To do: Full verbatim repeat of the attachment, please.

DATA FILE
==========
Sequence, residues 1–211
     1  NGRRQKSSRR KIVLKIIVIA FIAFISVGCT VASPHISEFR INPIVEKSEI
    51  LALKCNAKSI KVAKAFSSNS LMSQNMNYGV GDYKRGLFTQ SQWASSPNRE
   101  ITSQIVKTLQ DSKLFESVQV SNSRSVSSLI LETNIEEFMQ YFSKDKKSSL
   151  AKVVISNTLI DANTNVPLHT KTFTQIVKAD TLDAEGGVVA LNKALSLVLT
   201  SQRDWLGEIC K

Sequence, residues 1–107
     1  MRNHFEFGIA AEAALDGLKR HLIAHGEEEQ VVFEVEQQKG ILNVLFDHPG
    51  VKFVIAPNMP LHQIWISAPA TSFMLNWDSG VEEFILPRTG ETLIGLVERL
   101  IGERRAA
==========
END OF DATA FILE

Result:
Sequence, residues 1–211
     1  NGRRQKSSRR KIVLKIIVIA FIAFISVGCT VASPHISEFR INPIVEKSEI
    51  LALKCNAKSI KVAKAFSSNS LMSQNMNYGV GDYKRGLFTQ SQWASSPNRE
   101  ITSQIVKTLQ DSKLFESVQV SNSRSVSSLI LETNIEEFMQ YFSKDKKSSL
   151  AKVVISNTLI DANTNVPLHT KTFTQIVKAD TLDAEGGVVA LNKALSLVLT
   201  SQRDWLGEIC K

Sequence, residues 1–107
     1  MRNHFEFGIA AEAALDGLKR HLIAHGEEEQ VVFEVEQQKG ILNVLFDHPG
    51  VKFVIAPNMP LHQIWISAPA TSFMLNWDSG VEEFILPRTG ETLIGLVERL
   101  IGERRAA